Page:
Earlier this week, Toyota joined forces with Japanese petroleum company Idemitsu to manufacture a mass-market solid-state battery for upcoming Toyota electric vehicles (EVs). The solid-state battery is set to debut in 2027 or 2028.

Solid-state batteries use solid electrolytes. By contrast, conventional lithium-ion batteries use liquid or polymer gel electrolytes.

According to InsideEVs, Idemitsu has been involved in researching sulfide solid electrolytes for two decades. The company already operates a small-scale pilot facility.

Toyota’s battery technology roadmap indicates that the initial generation of solid-state batteries will provide a driving range of over 621 miles (1,000 kilometers) per full charge. In addition, the solid-state batteries will only require 10 minutes for an 80% recharge from a DC fast charger.

These specifications could give Toyota a massive advantage over competitors like Tesla. Most EVs on the market today have driving ranges of between 200 and 350 miles. Furthermore, it takes current EVs between 20 minutes and 1 hour to recharge to 80% using a DC fast charger.

Solid-state batteries also offer improved stability and smaller sizes than lithium-ion batteries.

The collaboration between Toyota and Idemitsu will encompass three stages. In the first stage, the companies will enhance sulfide solid electrolytes. In the second stage, the companies will build a large pilot facility for mass production. In the last stage, the companies will ensure that EVs with solid-state batteries can be viably mass-produced over the long-term.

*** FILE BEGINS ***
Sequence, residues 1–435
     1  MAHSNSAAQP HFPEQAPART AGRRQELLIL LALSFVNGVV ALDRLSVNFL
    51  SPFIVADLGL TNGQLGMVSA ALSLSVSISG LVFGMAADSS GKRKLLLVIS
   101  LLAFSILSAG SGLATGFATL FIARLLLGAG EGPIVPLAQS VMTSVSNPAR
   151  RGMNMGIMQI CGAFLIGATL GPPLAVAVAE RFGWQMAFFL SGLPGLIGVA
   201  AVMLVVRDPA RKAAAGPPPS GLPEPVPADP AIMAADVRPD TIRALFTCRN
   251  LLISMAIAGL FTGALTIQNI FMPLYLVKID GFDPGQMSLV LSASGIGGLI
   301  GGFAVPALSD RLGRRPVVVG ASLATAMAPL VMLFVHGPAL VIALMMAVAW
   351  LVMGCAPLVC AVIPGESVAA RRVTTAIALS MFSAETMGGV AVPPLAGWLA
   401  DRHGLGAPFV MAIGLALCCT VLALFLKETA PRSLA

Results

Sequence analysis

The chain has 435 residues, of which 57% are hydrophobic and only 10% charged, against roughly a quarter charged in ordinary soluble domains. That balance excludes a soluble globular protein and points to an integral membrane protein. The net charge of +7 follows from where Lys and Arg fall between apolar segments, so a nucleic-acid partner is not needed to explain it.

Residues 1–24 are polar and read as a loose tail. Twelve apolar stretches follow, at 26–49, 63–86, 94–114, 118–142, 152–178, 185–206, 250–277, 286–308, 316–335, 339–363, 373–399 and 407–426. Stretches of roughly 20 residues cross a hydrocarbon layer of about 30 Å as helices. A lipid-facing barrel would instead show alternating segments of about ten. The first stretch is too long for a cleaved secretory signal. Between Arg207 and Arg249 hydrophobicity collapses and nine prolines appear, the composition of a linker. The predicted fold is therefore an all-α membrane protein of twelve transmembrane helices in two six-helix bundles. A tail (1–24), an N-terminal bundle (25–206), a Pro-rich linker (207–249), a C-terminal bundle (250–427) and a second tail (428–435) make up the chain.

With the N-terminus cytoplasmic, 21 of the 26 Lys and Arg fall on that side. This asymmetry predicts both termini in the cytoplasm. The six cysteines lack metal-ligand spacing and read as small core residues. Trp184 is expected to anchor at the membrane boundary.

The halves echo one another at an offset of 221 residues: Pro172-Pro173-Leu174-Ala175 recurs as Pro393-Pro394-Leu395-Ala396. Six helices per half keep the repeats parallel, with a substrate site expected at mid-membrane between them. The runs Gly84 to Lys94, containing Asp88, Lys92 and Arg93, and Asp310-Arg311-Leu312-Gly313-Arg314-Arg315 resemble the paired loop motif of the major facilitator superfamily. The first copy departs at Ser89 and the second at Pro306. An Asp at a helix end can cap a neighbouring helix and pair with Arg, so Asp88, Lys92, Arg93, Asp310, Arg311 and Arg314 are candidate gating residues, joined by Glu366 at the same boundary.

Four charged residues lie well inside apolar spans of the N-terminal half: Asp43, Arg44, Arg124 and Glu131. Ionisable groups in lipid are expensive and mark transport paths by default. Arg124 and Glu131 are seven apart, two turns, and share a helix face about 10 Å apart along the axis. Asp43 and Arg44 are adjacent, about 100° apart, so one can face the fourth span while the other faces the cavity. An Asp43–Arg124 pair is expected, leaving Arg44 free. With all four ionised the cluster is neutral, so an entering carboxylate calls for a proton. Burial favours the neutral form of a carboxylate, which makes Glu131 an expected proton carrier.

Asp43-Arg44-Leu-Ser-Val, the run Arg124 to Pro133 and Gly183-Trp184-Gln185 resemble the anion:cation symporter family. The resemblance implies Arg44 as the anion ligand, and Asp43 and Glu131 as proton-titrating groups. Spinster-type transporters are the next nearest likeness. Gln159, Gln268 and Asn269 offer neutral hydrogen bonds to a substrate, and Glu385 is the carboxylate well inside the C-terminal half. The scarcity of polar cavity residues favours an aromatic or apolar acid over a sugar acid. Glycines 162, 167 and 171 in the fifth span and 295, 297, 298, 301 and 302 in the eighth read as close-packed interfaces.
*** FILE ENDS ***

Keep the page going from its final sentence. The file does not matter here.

While speaking with reporters, Toyota CEO Koji Sato acknowledged that EV makers have traditionally rejected solid-state batteries. Repeated charging and discharging causes fissures in solid-state batteries. These fissures lower battery performance.

However, Sato claims that Toyota has now developed fissure-resistant materials.

Toyota has partnered with Idemitsu because of Idemitsu’s expertise in materials technology. Idemitsu discovered valuable properties of sulfur battery components in the 1990s.

Combined, the two companies will own 195 materials technology patents. This is one of the greatest patent totals of any business partnership in the world.

Many EV analysts have been skeptical that Toyota’s solid-state batteries will ever be produced. As Toyota announces the deal with Idemitsu, it looks like these skeptics will be proven wrong.

Image Source: Bloomberg, https://shorturl.at/bEV19